Tanzania lifts income from gold exports a quarter on higher volumes in 2019

TANZANIA reported an increase in earnings from gold exports notwithstanding a continuation of the export clamp-down on Acacia Mining amid a tax payments dispute.

Gold exports rose 25.1% in the year to August on the back of higher volumes, said Reuters citing the country’s central bank. Gold exports fetched $1.91bn which compares to $1.53bn in sales during the previous year.

“Gold export rose by 25.1% … driven by volume, and accounted for more than half of non-traditional exports,” the Bank of Tanzania said in its latest monthly economic report. It did not give figures for export volumes, said Reuters.

Tanzania’s government said Acacia had failed to pay sufficient tax for two decades and subsequently stopped the export of gold-in-concentrate for two years. The gold producer has since been bought over by its major shareholder, Barrick Gold. The intention is that Acacia’s gold mines are joint ventured with the government.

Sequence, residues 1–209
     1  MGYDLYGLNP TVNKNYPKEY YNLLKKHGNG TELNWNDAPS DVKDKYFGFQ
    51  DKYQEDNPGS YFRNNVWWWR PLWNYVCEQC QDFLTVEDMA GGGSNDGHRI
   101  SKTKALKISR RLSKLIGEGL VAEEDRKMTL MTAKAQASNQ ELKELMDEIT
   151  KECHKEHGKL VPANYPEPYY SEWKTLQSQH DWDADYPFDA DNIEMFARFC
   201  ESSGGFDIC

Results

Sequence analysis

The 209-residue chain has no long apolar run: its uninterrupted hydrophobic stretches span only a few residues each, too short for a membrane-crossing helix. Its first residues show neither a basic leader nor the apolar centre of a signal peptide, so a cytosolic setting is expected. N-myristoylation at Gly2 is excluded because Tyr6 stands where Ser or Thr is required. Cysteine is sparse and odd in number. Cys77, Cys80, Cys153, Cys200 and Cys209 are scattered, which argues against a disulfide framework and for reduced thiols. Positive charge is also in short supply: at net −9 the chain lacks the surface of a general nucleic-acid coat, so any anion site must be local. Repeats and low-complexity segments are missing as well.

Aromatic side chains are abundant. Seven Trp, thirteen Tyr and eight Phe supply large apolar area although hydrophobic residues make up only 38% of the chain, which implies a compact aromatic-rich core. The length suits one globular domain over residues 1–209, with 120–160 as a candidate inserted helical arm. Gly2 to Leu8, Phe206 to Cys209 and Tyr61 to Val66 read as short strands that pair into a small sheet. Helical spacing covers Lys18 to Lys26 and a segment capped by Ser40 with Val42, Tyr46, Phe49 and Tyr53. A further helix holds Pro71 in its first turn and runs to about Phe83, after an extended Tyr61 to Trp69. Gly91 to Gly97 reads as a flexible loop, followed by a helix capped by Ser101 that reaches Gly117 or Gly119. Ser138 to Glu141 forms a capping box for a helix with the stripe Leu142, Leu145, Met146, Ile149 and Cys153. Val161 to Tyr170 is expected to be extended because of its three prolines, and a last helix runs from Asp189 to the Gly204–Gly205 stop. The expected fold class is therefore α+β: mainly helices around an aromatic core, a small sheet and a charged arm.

Tanzania, which is the fourth biggest gold producer after South Africa, Ghana and Mali, hopes its mining sector will rebound after the tax crackdown, said Reuters. Tanzanian President John Magufuli, who took office in late 2015, is pushing for more revenue from the sector, which is a relatively small contributor to national output, the newswire said.

In 2017, the government passed laws the industry complained would be costly and onerous.

Among the measures were higher taxes on mineral exports, mandated a higher government stake in some mining operations, and forced the construction of local smelters, a move some companies saw was uneconomic.



  1. 25% increase in income is due to gold price increase and not output. Gold output has barely changed from industrial scale producers and some of the higher production may be attributable to informal mining due to less leakage across borders and more formalized gold sales in this sector.

Comments are closed.